The first medicinal cannabis product will land on the Pharmaceutical Benefits Scheme tomorrow, to help young children who suffer from a rare and debilitating form of epilepsy.
Dravet syndrome is a condition that begins in the first year of a child’s life, which inflicts lengthy and frequent seizures.
Sufferers can also face intellectual disabilities, orthopaedic conditions, chronic infections, and disruption of the autonomic nervous system – the network that controls body temperature and heart rate.
A new medication derived from cannabis will help treat children suffering from a rare epileptic condition. (9News)
The condition is drug-resistant and treatment options are limited, but cannabidiol has shown to have success in decreasing the seizures.
Health Minister Greg Hunt announced today that the cannabidiol product would “help save and protect lives”.
About 116 children a year are affected by the illness, and the listing on the PBS will bring down the price of the medicine from $24,000 a year to the price of a script.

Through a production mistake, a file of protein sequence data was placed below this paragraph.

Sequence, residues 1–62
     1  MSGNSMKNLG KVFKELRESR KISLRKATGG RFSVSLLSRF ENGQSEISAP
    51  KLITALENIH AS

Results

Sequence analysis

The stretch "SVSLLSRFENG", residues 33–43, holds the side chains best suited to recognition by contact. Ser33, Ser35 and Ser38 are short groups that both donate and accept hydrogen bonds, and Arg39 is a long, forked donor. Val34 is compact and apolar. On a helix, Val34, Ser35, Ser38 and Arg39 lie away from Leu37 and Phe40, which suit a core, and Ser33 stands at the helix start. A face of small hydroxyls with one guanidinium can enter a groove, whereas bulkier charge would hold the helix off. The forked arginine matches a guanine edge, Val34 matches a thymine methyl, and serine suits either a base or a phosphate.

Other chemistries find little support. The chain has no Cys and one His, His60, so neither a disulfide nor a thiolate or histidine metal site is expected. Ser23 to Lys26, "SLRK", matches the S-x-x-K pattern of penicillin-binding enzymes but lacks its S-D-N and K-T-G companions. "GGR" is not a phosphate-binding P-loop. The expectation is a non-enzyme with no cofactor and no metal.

“So what is effectively access to a medicine otherwise not available that will help give these children a shot at normality, a shot at a longer life and a better life, and that is really powerful,” Mr Hunt said.
The medicine does not include THC, the psychoactive component of the cannabis plant that delivers the high – only cannabidiol, which has already shown success in treating epilepsy.
Higgins MP Dr Katie Allen said as the mother of a child with epilepsy, she welcomed the announcement.
Dr Allen called it an “astounding” moment.
“As a paediatric trainee, and a registrar, a young doctor, we used to see patients who had these devastating conditions in the first year of life, young girls and boys in their infancy who had seizures, seizures that were activated by fevers that could last for long periods of time,” she said.
“Distressing for families, distressing for these poor little babies, but not stopping and keeping on coming.”
Dr Allen said children with the condition would now have the opportunity to develop more normally – and without a hefty bill for the families.
“I am delighted for us as a country to be in position to be able to pay for this, to be able to give this opportunity for children affected by Dravet syndrome to have a more normal life,” she said.